There might be something to the idea that the force of the gas struts could be partly to blame. When open, I assume they are fully extended and the only load on the hinge at that point is gravitational. When closed though, they might be placing some load on the hinge right at the corner where your crack formed. Could CTE mismatch be an issue? I know those polyolefin hinges have a high CTE that is likely much larger than the aluminum door panel and the steel frame to which they are affixed. I need to check those number though. I know living hinge designs aren’t typically used under load
Ace7196: Glad there are some other nerds with trucks out there. On thinking about this more, it would be hard to really know what the actual thermal expansion in that hinge is and it might vary significantly from the bulk properties we get from something like Matweb. The high flow rate of the liquid polymer through the hinge mold during the injection process aligns the polymer chains perpendicular to the hinge direction. This is what gives the plastic hinges their typically quoted “million cycle” life. I found this course supplement from MIT’s Medical Device Design Course.
Anyway, the alignment of polymer chains can cause all kinds of weird stuff to happen to the thermal expansion numbers - even causing contraction on heating in one direction, while causing expansion in the other. The plot below is for drawn nylon 6,6 monofilament (fishing line), but I am using it to simply illustrate my point that weird stuff happens to thermal expansion when polymer chains get aligned.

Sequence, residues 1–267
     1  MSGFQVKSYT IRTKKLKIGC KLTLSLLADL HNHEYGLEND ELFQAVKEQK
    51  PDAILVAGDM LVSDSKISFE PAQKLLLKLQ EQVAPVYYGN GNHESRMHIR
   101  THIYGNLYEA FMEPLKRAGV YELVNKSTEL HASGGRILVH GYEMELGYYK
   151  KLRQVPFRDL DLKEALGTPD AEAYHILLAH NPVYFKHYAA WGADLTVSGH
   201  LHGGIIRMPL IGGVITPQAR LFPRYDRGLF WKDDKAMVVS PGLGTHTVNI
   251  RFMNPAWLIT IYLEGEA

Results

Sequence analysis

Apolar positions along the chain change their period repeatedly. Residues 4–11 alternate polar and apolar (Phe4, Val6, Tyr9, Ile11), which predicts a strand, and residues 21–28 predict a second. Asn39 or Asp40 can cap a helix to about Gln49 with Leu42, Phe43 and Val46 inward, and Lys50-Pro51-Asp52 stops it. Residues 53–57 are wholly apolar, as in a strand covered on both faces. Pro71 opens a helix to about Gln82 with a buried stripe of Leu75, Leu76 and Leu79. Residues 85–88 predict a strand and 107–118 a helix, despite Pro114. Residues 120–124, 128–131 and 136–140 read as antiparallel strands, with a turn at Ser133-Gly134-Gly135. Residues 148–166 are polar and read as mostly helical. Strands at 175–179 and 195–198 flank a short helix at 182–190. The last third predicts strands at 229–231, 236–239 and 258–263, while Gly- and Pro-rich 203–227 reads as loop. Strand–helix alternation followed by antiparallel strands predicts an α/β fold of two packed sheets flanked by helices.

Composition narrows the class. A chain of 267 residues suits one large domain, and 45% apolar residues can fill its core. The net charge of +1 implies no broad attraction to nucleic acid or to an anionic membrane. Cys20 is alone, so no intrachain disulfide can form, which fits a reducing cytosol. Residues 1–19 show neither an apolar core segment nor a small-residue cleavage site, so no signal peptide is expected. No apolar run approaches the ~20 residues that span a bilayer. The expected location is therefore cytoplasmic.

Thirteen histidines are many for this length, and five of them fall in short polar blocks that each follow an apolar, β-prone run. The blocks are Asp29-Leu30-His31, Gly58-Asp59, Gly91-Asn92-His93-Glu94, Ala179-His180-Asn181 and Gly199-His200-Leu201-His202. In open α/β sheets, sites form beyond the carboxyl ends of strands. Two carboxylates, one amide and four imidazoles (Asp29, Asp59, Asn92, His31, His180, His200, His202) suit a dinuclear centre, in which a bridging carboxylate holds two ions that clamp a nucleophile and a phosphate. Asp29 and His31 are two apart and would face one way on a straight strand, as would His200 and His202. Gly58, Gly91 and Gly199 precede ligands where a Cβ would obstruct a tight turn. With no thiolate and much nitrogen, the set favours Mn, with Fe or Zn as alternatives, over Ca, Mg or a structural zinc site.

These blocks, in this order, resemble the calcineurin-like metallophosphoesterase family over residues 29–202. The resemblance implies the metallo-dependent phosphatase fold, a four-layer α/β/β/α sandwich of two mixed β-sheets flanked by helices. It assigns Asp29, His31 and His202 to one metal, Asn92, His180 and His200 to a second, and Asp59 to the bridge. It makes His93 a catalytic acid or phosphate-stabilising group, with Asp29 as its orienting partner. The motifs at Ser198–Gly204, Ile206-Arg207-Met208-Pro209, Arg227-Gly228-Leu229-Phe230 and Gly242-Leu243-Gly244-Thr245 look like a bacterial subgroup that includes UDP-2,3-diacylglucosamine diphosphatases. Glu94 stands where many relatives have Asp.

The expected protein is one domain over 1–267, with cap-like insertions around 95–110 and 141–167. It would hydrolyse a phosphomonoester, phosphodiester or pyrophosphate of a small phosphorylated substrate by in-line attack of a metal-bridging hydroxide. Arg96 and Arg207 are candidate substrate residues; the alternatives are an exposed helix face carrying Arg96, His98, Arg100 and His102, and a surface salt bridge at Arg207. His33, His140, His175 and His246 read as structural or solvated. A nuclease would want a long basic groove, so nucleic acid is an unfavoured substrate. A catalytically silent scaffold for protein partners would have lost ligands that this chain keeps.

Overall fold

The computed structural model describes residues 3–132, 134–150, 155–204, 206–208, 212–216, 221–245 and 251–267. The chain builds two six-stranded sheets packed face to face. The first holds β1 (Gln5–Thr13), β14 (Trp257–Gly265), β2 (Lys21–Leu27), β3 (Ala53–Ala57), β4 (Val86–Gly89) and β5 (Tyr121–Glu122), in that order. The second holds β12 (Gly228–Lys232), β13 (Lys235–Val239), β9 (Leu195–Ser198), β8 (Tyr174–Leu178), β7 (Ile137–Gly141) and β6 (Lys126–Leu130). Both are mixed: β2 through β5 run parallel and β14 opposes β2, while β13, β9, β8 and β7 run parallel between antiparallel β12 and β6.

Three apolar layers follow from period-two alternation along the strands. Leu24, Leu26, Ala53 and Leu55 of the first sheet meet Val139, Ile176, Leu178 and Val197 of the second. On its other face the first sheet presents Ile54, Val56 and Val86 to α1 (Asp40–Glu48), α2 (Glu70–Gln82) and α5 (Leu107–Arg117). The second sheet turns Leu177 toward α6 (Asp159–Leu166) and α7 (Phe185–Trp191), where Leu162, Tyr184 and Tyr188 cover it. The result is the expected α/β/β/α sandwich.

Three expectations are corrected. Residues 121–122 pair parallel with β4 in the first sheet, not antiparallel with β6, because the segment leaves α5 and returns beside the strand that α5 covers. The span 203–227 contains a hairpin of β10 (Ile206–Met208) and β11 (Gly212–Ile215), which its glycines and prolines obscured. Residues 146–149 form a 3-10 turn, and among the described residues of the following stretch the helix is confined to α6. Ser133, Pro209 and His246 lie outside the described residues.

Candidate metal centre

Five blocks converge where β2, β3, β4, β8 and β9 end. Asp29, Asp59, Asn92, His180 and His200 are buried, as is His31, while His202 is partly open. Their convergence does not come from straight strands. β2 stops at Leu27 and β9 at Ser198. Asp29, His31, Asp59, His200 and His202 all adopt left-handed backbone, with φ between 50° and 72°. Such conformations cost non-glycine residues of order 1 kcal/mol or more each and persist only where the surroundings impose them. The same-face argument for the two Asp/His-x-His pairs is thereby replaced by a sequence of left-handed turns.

In short, I don’t really know enough about the thermal expansion to rule it out, but I do think that the constant force of the gas struts being reacted by the polymer hinge seems like a bigger issue, especially give then their viscoelastic nature. (GFC folks, please don’t take this as design criticism. Just a conversation!) I’d be interested in hearing the GFC perspective on the design and gas strut load path when the panels are closed. I haven’t looked at the latching up close (since Overland Expo West), but is there a load path for the gas strut force when the panel is closed that bypasses the hinge. or is that force reacted by the hinge itself? Could a set of links be used in place of the the gas strut that would induce no force on the hinge when closed? I don’t mind lifting the panels into place. A 1% failure rate seems pretty good, but that is only in the first few years of the camper life. My order number is nearly 800 range, so about 8 other people will be dealing with this by the time I get mine. If it is a loading issue, then I suspect that 1% number might jump up as more of these hinged age.
How about something like this as a fix? Have to line up the pivot point better. Mount the hinge to the extrusion with T nuts. Through bolt to the door. Shim to fit. Paint/anodize to match. Maybe three per door. Leave the living hinge in place for waterproofing, alignment… GFC could CAD design the hinge and maybe produce it with robots.